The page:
Scheld, K. & Dodrill, C. (2003). How High is Your Trust Level?: 5 Steps to Creating a High-Trust Organization, Christian Management Report, December 2003.

Zigarelli, M. (2005). Building Trust in Your Organization. Regent Business Review 18, (July/August)

Monday, July 18, 2011

The best of all professions? Really?

“The Christian ministry is the worst of all trades, but the best of all professions.” – Sir Issac Newton

Here’s a portion from a paper presented at the Orthodox Church in America’s 14th All-American Council “Our Church and the Future” in Toronto (2005): “A “normal” North American family seldom if ever encourages a child to pursue a religious vocation. Why is this so? This may be a generalization, but the priesthood is suffering from low self-esteem. Whether this is the product of priests giving a poor impression of themselves or from widespread secularization, priestly ministry is not the high profile career it once was. If in past times an ecclesiastical career was synonymous with social prestige and financial security, today pastoral ministry means being part of a class of people who are on the fringe of society and who may in fact be destined for a life of financial insecurity.” (p. 9)

I am reminded of the "hireling" figure mentioned in John 10:11-13 when considering some that might pursue ministry for its “social prestige and financial security.” Motivation for vocational ministry is such a dynamic thing. A once enthusiastic pastor can sadly be drained of their motivation by the struggle with conflict, bureaucratic structures, the slow pace of change, and a nagging sense of powerlessness to make a difference.

Consider Paul’s experiences compared to the “super-apostles” as recorded in his second letter to the Corinthians:

“Are they servants of Christ? (I am out of my mind to talk like this.) I am more. I have worked much harder, been in prison more frequently, been flogged more severely, and been exposed to death again and again. Five times I received from the Jews the forty lashes minus one. Three times I was beaten with rods, once I was pelted with stones, three times I was shipwrecked, I spent a night and a day in the open sea, I have been constantly on the move. I have been in danger from rivers, in danger from bandits, in danger from my fellow Jews, in danger from Gentiles; in danger in the city, in danger in the country, in danger at sea; and in danger from false believers. I have labored and toiled and have often gone without sleep; I have known hunger and thirst and have often gone without food; I have been cold and naked. Besides everything else, I face daily the pressure of my concern for all the churches. Who is weak, and I do not feel weak? Who is led into sin, and I do not inwardly burn? ” (2 Corinthians 11:23–29, NIV)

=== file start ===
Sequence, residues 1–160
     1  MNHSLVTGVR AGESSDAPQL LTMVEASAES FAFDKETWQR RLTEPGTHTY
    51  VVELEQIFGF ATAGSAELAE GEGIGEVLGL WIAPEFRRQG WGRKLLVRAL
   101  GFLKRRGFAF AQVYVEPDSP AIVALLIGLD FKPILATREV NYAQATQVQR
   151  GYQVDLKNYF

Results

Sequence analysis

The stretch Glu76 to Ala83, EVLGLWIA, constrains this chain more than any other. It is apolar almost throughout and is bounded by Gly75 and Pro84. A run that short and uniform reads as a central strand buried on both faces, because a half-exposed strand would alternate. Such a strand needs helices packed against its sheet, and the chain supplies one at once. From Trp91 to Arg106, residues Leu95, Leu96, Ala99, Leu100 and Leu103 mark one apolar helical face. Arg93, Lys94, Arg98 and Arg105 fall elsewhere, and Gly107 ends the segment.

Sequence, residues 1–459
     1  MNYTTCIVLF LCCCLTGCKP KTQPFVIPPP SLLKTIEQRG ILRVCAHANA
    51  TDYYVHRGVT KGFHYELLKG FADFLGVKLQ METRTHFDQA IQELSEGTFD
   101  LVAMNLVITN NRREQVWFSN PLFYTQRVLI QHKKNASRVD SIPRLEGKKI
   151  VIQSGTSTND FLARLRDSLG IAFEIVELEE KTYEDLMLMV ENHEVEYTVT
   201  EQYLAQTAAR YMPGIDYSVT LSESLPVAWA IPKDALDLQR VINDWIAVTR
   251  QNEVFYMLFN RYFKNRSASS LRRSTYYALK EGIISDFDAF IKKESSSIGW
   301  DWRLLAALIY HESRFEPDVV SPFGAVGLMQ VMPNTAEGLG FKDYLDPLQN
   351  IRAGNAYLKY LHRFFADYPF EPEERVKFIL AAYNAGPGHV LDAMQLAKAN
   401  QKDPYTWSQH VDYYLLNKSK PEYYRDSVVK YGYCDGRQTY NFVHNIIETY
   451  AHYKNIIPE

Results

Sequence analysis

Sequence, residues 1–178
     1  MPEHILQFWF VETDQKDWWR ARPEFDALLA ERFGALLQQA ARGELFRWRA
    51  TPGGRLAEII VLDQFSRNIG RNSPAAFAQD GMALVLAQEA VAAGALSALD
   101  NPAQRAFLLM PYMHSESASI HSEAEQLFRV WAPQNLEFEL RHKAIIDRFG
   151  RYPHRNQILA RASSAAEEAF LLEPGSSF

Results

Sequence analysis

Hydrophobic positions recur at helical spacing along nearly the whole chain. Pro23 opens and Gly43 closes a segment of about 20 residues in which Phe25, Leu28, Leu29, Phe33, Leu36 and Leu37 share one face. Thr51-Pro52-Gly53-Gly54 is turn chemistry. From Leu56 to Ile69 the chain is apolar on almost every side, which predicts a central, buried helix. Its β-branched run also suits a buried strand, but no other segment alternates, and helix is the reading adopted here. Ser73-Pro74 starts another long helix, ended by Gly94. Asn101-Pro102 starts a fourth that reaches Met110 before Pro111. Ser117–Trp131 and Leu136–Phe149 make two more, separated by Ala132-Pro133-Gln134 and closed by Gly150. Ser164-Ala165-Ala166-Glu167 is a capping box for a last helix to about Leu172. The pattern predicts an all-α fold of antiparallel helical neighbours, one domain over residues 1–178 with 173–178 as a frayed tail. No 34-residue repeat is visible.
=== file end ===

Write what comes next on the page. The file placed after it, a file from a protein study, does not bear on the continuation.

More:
But then suddenly Paul pauses to write: “If I must boast, I will boast of the things that show my weakness” (v. 30). Garland (2001) writes: “It is odd to boast about one’s weakness, but Paul’s declaration in 2 Cor 12:10 becomes the key for unlocking the purpose of this peculiar tactic. His weakness has a “revelatory function.” He will therefore tell tales of battle skirmishes, heavenly journeys with divine revelations, and miraculous cures but turn them on their heads. They do not show how brave and wonderful he is, but how great and wonderful the grace of God is that sustains him in his weakness.”

God triumphs amid human weakness, embodying the principle of Christ’s crucifixion and perhaps the notion of filling up in our flesh what is still lacking in regard to Christ’s afflictions (cf. Col. 1:24).

Maybe now is the best time to encourage a child to pursue a religious vocation. When the social prestige and financial security are lessened the wonderful grace of God that sustains us is truly known.